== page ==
For all of my life, the name Irma was just my Grandma’s name. It was a name I’d never heard anywhere else. I knew she didn’t like it much. It hadn’t been a fashionable name since before she was born. The name wasn’t passed on to any of her grandchildren or great grandchildren (though her middle name was). I felt a little sad for the name Irma, so unwanted. So I wrote notes for a picture book featuring a little girl named Irma whose name was old-fashioned and who liked old fashioned things. In the book she would doubt herself but learn about individuality. I hoped that the book might give the name Irma some charm. I knew most people would never have heard the name before. Now everyone has heard the name and has a very specific association for it. My little fictional Irma will probably never get her story.
All of this is in my head muddled up together with images of the storm track and of post-hurricane disaster scenes. And yet I don’t have as much cause to grieve as Howard whose childhood locations are about to be scoured away by wind and water. Nor as much cause as the people who currently live there and may lose everything they have. My grief is small, a piece of my experience of today. There is nothing I can do to alleviate the coming damage. So I check in with the storm track, and then I step away and try to appreciate the day and home that I have. I want to enjoy my sunshine, flowers, family. Because some day disaster may strike here instead of elsewhere, and when it does, I’d like to have stored up years of happy living first.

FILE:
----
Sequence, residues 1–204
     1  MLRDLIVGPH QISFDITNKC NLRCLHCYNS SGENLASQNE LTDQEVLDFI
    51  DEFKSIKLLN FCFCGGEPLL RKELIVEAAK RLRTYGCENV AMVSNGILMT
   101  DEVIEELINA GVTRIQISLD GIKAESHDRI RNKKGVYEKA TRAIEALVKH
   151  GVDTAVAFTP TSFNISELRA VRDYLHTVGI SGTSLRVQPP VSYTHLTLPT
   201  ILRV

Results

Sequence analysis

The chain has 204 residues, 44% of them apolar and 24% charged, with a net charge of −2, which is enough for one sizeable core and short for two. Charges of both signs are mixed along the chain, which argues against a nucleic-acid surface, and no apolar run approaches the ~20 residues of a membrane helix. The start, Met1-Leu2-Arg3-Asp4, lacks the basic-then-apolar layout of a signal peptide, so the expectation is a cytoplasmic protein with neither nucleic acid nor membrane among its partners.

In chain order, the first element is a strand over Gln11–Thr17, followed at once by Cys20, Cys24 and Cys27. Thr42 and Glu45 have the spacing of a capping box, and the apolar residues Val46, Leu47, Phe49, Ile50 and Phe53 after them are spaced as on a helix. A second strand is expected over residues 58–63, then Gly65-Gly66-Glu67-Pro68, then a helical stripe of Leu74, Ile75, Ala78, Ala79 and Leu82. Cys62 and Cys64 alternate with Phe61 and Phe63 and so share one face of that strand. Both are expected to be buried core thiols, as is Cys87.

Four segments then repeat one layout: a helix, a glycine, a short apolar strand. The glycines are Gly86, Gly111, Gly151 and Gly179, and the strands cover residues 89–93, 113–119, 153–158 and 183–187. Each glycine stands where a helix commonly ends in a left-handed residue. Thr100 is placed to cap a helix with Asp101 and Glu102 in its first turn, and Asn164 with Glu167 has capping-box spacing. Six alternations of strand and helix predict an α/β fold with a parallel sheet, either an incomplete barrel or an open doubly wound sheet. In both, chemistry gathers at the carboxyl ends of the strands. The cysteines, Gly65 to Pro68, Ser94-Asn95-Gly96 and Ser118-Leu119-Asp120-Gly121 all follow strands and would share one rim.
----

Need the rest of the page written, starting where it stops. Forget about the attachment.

Also, I should review my emergency preparedness supplies. That is also a good use of the day. Because when disaster strikes Utah, it will likely be in the form of an earthquake and we won’t get to see it coming for us. I’m not sure which is better, watching it come slowly and having to make choices about what to lose or having it hit fast and just having to try to salvage. No matter where we live, there is a disaster which could happen and which preparedness could make more survivable.
Stay as safe as you can Florida. Please.